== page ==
Only NSA had the infrastructure (or GSA working with NSA) to record Kim Dotcom's skype conversations and emails. Just another example of economic espionage done for legacy industries.

    That's copyright monitoring of the entire world courtesy of NSA (financed by the taxpayer's dime).

     

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  • This comment has been flagged by the community. Click here to show it
     
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    out_of_the_blue, Nov 12th, 2013 @ 12:02pm

    Are you baffled by the mis-terming, or that USTR might actually need some info?

    Well the term is explained above: ' “customers,” in government jargon', AND you write "using that information to create policies that help US companies", SO I guess your your only purpose was to get to the last paragraph and take some vague jabs at "certain [but unspecified] legacy industries". It's impactful elucidation on important topics such as this keeps me here.

    After slogging through your jellied prose, I'll just JAM this in:

    Google makes Gmail EVEN NOISIER, or should that be nosier?

    http://www.theregister.co.uk/2013/11/12/google_makes_gmail_even_noisier_or_should_that_be_nos ier/

    Read the comments, fanboys: the ratio of those against Google is at least the reverse of here.

     

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      Rikuo (profile), Nov 12th, 2013 @ 12:22pm

      Re: Are you baffled by the mis-terming, or that USTR might actually need some info?

      Would you kindly provide evidence of there being Google supporters/fanboys among the Techdirt readers?

      Three things will happen.
      1) OOTB will not answer
      2) OOTB will answer but with his usual insanity
      3) He'll go off to kill Andrew Ryan

       

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    Anonymous Coward, Nov 12th, 2013 @ 12:18pm

    After slogging through your jellied prose, I'll give you a report vote again ootb. Goggle has no place in the article, not mentioned anywhere.

     

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    Anonymous Coward, Nov 12th, 2013 @ 12:21pm

    It's the same familiar word game...

    Notice their original statement. (Emphasis mine.)

    “The Department of Defense does engage” in computer network exploitation, according to an e-mailed statement from an NSA spokesman, whose agency is part of the Defense Department. “The department does ***not*** engage in economic espionage in any domain, including cyber.”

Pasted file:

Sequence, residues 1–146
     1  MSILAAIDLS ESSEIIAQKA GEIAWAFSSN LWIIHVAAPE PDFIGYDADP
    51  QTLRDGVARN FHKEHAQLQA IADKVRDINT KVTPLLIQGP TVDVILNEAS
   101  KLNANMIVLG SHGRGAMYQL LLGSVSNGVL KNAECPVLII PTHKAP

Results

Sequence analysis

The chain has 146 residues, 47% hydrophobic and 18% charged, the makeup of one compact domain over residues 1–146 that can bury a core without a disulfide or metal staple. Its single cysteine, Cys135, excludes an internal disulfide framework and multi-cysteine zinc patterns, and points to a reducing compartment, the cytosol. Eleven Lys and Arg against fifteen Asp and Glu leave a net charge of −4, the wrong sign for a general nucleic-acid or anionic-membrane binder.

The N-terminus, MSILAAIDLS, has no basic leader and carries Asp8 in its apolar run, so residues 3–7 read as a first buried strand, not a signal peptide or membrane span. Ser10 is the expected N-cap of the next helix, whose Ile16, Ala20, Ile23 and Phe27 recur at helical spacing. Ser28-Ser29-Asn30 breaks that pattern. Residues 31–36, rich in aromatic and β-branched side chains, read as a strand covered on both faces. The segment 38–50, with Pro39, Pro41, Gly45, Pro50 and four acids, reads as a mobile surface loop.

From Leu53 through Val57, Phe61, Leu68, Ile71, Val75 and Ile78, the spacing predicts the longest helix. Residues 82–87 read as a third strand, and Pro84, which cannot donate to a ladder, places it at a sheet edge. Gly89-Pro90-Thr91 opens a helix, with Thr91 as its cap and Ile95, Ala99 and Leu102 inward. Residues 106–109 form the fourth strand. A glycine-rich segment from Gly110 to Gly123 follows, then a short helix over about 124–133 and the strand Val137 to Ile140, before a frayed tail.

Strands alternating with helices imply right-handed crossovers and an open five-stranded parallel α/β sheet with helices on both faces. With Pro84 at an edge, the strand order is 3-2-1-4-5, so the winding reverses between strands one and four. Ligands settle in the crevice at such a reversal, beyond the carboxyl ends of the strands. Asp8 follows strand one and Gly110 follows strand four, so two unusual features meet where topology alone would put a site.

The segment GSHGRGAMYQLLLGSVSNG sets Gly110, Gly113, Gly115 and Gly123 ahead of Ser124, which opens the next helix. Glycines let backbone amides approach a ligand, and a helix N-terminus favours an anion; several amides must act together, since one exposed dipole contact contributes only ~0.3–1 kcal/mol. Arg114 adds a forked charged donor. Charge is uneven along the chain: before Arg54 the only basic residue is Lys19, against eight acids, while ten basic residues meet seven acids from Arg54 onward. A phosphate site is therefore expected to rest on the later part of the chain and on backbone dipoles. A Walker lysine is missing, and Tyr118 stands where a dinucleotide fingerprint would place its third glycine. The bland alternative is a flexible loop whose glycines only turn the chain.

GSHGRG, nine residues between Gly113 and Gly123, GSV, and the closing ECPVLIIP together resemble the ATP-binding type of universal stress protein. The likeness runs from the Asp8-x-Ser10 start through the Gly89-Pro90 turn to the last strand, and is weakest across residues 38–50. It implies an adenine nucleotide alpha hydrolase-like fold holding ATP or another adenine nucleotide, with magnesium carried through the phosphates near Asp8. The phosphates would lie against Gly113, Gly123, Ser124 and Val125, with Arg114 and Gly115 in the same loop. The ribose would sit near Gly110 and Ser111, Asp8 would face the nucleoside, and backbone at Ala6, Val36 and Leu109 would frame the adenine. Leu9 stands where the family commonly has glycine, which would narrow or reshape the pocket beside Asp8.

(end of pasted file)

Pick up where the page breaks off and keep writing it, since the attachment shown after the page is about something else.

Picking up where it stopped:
Sure the DOD doesn't directly do economic espionage. They just hand off to other agencies that do use the information in that manner.

     

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    Anonymous Coward, Nov 12th, 2013 @ 12:44pm

    if the NSA denies this, it will just add to the bunch of lies already told. there are no discussions that have involved the USTR that have been open and transparent. it cant just be to protect what they want and who for, they are trying to protect how they got the information in the first place to enable the best possible deal for USG and US businesses, all at the detriment of whoever else is involved in the so-called 'Trade Negotiation'. we only have to look at the procedures followed for the latest 'deal', the TPP and how that is trying to be rushed through with no oversight, no transparency and definitely no representation for the people!!

     

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    Baldaur Regis (profile), Nov 12th, 2013 @ 12:55pm

    [The USTR has] almost no relationship at all with younger, more innovative industries.
    Predators rarely chum around with their prey.

     

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    BentFranklin (profile), Nov 12th, 2013 @ 1:33pm

    Even if you like the idea that they are helping US industries compete, they are only doing that for certain large, well-connected, legacy industries. Yet, the price is being paid by everyone, perhaps even in greater proportion, dollar for dollar, since the larger companies evade their taxes. Therefore, this is a transfer of wealth from the smaller US companies to the larger.

     

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      Anonymous Coward, Nov 12th, 2013 @ 1:55pm

      Response to: BentFranklin on Nov 12th, 2013 @ 1:33pm

      Some of the blame lies with the so-called younger, more innovative companies. It's unlikely that USTR goes out and recruits the companies it is close to. It's almost certainly a result of a decision by certain companies to participate in that space by cultivating a relationship, being helpful and often influencing policy. That's what lobbying.

      It's awfully hard to hear the complaints by "younger, more innovative" companies about being locked out of a process most have not ever sought to become a part of.

       

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    jlaprise (profile), Nov 13th, 2013 @ 1:39am

    Historical Perspective

    History supports the NSA contention. Known examples of US economic espionage address issues such as foreign bribery. The NSA discovers illegal behavior by a foreign corporation in negotiations and then provides that information to US diplomatic personnel who reveal this knowledge to the contracting entity to compel them to take action to address the misconduct. The USTR may be a consumer of intelligence for good reason if the treaty addresses misconduct and the USTR wants to know to what degree it is occurring.

     

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    Anonymous Coward, Nov 13th, 2013 @ 5:49am

    'using this information to prop up legacy industries, while handicapping the innovative industries'

    while screwing all other countries involved in the so-called Trade Negotiations and threatening those other countries with sanctions, if not worse, when they wont toe the USTR line and try to get better deals for their countries and peoples!! and dont forget that everything is done in secret, no openness, no transparency! i am assuming that is in case there is a slip somewhere that lets out what the USTR knows about the other 'interested parties'!!